KTH, School of Architecture and the Built Environment (ABE), Land and Water Resources Engineering, Environmental Management and Assessment.
    Thunvik, Roger
    KTH, School of Architecture and the Built Environment (ABE), Land and Water Resources Engineering, Environmental Management and Assessment.
    Balfors, Berit
    KTH, School of Architecture and the Built Environment (ABE), Land and Water Resources Engineering, Environmental Management and Assessment.
    Predicting the transport and fate of Escherichia coli in unsaturated sand filters2011In: Journal of Contaminant Hydrology, ISSN 0169-7722, E-ISSN 1873-6009Article in journal (Other academic)
  • 5.
    Eveborn, David
    et al.
    KTH, School of Architecture and the Built Environment (ABE), Land and Water Resources Engineering, Environmental Geochemistry and Ecotechnology.
    Kong, Deguo
    Department of Applied Environmental Science, Stockholm University, Sweden.
    Gustafsson, Jon Petter
    KTH, School of Architecture and the Built Environment (ABE), Land and Water Resources Engineering, Environmental Geochemistry and Ecotechnology.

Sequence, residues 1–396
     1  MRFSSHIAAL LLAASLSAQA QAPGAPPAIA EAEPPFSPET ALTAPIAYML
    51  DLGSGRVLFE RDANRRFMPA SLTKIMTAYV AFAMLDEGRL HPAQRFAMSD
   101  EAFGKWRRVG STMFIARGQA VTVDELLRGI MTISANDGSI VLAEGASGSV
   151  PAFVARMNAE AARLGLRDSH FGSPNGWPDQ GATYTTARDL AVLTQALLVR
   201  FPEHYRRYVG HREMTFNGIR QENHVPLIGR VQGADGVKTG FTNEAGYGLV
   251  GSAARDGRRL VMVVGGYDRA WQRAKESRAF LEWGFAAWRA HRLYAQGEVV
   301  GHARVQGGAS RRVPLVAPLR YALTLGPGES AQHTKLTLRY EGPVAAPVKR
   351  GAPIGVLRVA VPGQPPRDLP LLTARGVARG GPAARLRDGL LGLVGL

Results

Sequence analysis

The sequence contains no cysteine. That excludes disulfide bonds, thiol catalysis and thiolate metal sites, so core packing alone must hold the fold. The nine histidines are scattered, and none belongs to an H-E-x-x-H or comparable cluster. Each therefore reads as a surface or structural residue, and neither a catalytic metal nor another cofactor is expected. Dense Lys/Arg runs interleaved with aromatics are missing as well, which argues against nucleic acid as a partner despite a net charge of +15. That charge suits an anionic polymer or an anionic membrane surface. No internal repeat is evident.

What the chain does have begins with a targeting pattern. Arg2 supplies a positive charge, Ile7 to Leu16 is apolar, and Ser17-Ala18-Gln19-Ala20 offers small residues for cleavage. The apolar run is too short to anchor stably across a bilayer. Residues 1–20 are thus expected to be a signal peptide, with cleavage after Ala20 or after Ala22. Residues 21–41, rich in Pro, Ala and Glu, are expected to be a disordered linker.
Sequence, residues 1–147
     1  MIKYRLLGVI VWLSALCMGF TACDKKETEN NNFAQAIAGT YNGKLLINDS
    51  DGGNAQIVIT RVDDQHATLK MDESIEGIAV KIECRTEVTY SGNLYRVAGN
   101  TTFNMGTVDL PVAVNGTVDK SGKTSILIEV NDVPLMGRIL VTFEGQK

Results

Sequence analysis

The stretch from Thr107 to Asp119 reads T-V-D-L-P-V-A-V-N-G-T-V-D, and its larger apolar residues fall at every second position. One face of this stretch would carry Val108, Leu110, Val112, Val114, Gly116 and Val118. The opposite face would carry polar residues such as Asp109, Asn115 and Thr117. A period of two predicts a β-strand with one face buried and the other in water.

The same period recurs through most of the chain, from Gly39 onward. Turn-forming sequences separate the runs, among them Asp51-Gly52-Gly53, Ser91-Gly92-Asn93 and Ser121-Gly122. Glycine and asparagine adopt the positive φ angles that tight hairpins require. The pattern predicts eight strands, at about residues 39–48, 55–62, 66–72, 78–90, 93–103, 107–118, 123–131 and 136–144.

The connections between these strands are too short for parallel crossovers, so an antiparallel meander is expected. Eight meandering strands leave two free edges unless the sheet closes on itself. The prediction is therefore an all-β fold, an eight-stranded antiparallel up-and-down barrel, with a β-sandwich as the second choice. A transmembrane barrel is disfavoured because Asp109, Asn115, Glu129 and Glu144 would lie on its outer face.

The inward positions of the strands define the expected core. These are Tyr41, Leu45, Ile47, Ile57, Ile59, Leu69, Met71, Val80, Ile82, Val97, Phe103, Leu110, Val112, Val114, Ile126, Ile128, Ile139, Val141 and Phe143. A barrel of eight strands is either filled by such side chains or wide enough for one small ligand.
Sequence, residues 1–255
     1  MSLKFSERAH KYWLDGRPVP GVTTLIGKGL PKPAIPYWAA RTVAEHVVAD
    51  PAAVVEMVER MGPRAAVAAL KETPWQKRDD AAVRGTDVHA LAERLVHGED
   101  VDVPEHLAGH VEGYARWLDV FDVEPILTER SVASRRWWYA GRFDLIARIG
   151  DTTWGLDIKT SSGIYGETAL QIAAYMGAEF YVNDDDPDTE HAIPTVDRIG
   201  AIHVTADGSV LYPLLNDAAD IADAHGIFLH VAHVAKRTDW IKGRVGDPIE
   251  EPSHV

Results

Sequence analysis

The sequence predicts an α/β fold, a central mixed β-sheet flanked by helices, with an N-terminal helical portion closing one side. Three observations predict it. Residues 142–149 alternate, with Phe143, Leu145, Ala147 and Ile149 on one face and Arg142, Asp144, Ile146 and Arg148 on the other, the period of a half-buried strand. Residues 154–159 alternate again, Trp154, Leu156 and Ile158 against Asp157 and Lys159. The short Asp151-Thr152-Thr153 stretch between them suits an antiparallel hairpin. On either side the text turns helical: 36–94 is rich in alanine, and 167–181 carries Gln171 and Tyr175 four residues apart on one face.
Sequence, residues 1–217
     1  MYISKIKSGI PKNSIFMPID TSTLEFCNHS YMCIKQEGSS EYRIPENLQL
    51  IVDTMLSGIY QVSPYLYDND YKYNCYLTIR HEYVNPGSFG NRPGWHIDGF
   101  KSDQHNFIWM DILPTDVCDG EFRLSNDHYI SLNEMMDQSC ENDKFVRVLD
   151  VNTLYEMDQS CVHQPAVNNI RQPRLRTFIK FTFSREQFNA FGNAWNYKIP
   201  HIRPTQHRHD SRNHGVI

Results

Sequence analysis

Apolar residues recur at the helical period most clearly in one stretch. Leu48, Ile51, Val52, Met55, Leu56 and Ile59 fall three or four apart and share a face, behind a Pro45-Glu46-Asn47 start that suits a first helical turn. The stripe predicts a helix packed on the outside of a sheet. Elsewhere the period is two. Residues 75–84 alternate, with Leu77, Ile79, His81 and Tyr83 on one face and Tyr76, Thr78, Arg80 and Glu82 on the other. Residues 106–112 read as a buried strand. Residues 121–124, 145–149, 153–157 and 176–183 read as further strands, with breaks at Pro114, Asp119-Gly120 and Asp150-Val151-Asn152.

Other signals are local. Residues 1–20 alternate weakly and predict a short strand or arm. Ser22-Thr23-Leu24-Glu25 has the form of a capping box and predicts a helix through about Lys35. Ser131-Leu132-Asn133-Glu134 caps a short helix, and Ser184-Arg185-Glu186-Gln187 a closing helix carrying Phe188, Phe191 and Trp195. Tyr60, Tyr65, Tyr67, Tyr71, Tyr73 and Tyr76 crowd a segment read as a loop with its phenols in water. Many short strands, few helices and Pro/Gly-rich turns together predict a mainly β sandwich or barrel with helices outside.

Wastewater treatment by soil infiltration: Long-term phosphorus removal2012In: Journal of Contaminant Hydrology, ISSN 0169-7722, E-ISSN 1873-6009, Vol. 140, p. 24-33Article in journal (Refereed)
    Abstract [en]

    Phosphorus (P) leaching from on-site wastewater treatment systems may contribute to eutrophication. In developed countries the most common on-site treatment technique is septic systems with soil infiltration. However, the current knowledge about long term P removal in soil treatment systems is not well developed and the data used for estimation of P losses from such systems are unreliable. In this study we sampled four filter beds from community-scale soil treatment systems with an age of between 14 and 22 years to determine the long-term P removal and to investigate the chemical mechanisms behind the observed removal. For one site the long-term P removal was calculated using a mass balance approach. After analysis of the accumulated P. it was estimated that on average 12% of the long-term P load had been removed by the bed material. This indicates a low overall capacity of soil treatment systems to remove phosphorus. Batch experiments and chemical speciation modelling indicated that calcium phosphate precipitation was not an important long-term P removal mechanism, with the possible exception of one of the sites. More likely, the P removal was induced by AlPO4 precipitation and/or sorption to poorly ordered aluminium compounds, as evidenced by strong relationships between oxalate-extractable Al and P.